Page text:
August 22, 2008
What new global realities mean for the church
Shifts happen all the time - shifts in economics, politics, theology, church, and culture. But we usually don't comprehend the full nature of the shift until much later. One subtle shift happened in Beijing last week. You may have missed it amid the pageantry of the Olympic opening ceremonies.
Many consider it an historic event for modern China to host the Olympic Games, and the show proved to be amazing. It was an experiential canvas of creativity few have ever seen before on such a scale: techno-utopian shows, creative and innovative artistry, massive numbers of participants synchronizing poetry through dance and song. The opening ceremony masterfully put the world on notice: a shift has occurred. Here's what I saw communicated:
1. China is increasingly more open to the "barbarians"
In one of the most beautiful sequences in the ceremony, the dancers displayed the Great Wall reflecting one of the most notable metaphors of China. It was a reminder to the world that barbarians weren't welcomed. Things have changed. The dancers transformed the walls of China into a bridge of flowers. Sure, the doors may still be closed in many respects--human rights and religious freedoms are still lagging in China--but there seems to be a growing openness in the culture. This is probably the result of many who have prayed and fueled the movement of the Holy Spirit.
2. Skin color and racial stereotypes are becoming irrelevant
Did you see the group of children representing the 51 different cultures of China! China, like so many other places today, is multi-cultural. A group of young people is emerging that some call Third Culture - a wave of people who will lead the missiological movement because of their ability to adapt to different cultures. Being comfortable moving between cultures all of their lives, these people will be more equipped to become all things to all men.
3. China is not just about copying things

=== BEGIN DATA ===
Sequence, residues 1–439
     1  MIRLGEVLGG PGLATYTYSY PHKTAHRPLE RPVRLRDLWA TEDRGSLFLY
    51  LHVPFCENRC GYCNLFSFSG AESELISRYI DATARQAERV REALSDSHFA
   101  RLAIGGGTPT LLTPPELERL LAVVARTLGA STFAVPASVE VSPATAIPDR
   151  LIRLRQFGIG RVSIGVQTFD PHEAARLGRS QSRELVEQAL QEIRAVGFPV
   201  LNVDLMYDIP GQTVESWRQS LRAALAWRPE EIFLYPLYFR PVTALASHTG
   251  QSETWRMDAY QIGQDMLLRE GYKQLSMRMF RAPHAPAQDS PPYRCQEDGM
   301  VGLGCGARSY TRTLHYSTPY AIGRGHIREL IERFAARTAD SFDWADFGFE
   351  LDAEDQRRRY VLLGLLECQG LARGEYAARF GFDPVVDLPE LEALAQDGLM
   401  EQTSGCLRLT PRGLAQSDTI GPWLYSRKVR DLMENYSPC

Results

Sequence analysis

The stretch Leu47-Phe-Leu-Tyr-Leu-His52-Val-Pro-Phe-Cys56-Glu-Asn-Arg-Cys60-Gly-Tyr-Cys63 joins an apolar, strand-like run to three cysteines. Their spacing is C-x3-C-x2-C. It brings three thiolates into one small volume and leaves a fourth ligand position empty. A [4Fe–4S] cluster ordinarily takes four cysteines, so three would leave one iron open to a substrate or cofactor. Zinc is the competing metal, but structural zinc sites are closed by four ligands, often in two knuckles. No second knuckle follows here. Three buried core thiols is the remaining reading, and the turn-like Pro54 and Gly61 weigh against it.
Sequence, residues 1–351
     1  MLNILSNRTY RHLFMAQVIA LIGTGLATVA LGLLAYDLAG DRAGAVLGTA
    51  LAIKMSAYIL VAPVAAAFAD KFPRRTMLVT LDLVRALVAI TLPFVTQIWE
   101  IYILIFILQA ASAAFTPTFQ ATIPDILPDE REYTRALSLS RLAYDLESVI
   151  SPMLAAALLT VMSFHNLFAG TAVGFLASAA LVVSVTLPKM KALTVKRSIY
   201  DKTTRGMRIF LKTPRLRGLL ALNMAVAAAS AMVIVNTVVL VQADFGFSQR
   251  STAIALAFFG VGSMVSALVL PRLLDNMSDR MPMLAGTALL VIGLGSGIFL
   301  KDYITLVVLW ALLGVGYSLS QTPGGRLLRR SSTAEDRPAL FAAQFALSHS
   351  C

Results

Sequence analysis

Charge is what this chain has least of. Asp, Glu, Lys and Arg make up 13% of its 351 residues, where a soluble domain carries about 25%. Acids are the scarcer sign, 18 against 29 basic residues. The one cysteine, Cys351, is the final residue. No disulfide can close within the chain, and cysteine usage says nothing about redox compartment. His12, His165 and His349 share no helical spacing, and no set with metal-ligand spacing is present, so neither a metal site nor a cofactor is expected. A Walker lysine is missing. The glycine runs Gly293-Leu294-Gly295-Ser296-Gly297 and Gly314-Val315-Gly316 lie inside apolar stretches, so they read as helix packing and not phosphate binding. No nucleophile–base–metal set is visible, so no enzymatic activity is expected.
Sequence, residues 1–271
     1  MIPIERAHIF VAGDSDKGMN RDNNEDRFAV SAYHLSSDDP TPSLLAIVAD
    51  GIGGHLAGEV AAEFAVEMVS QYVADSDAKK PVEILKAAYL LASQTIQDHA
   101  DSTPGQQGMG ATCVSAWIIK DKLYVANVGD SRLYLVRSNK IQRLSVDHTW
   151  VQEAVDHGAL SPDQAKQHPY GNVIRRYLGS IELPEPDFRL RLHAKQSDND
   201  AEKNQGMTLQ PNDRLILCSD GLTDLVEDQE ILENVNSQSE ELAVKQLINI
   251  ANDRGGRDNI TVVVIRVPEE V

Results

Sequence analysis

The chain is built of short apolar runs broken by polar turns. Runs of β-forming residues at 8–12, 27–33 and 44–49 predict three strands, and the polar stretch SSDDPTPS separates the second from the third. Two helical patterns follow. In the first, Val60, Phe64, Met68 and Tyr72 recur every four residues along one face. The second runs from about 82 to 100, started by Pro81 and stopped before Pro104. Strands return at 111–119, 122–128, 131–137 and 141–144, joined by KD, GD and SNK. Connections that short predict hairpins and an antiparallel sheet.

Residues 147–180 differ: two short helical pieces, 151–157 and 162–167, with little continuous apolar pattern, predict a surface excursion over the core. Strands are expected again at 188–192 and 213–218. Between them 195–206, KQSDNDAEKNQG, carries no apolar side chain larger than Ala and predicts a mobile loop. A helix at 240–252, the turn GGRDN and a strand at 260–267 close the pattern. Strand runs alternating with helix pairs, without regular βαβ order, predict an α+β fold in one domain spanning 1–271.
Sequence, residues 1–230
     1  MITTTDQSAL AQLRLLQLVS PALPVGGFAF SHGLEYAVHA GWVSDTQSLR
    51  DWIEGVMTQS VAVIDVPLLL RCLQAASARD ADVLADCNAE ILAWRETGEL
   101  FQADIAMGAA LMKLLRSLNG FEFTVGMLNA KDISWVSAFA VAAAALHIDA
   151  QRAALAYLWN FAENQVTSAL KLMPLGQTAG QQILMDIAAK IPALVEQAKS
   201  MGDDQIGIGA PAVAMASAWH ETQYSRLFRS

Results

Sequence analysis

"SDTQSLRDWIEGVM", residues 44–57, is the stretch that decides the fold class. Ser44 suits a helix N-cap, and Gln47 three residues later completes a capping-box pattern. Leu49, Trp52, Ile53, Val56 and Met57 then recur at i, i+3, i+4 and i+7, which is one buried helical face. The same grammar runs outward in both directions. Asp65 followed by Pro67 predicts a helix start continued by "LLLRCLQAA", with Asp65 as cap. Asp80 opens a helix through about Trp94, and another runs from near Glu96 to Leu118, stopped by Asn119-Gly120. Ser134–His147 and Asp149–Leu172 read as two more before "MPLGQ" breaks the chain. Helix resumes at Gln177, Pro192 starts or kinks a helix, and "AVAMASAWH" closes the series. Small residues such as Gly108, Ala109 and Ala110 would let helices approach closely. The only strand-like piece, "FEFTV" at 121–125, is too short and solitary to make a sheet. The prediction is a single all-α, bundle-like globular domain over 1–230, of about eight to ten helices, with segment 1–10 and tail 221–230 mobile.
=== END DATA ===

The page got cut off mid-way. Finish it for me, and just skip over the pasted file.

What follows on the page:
The Chinese have a heritage of being some of the most creative and artistic people on the planet. The opening ceremony showed that China wasn't content to copy what other countries have done in the past. They created an innovative experience unlike any before. New ideas are coming from Asia, and not just the West. Although most Christians see the West as the center of Christian activity and mission in the world, some are now predicting that Korea will soon outpace America when it comes to missiological initiative.
So what does this mean for the church? I believe an ecclesiastical and theological shift is happening too. An expanded and new wave of theological scholarship and creative ministry expressions will take shape and continue to fuel God's global movement, and these will increasingly come from outside Western cultures. The emergence of China and other Asian powers on the world stage parallels what's happening in the church.
How should we respond as Americans? One practical thing to do is experience what God is doing globally by reading a macro perspective of the shifts happening in Asia by authors like Fareed Zakaria. I highly recommend The Post-American World. It's an inexpensive trip to take a journey with your mind.
Secondly, I'd encourage you to take a vision trip overseas - not to serve as much as to learn. There are great partnership groups like World Vision, or you can email me at email@example.com and I will put you in touch with great groups I work with in Asia and beyond. There is no better way to experience a great move of God than by being in the middle of one. If you do that, watch out? you may never be the same. I know because it happened to me.
Read about Dave Gibbons' ministry-changing, and life-changing, experience as a pastor in Bangkok, Thailand in the summer issue of Leadership.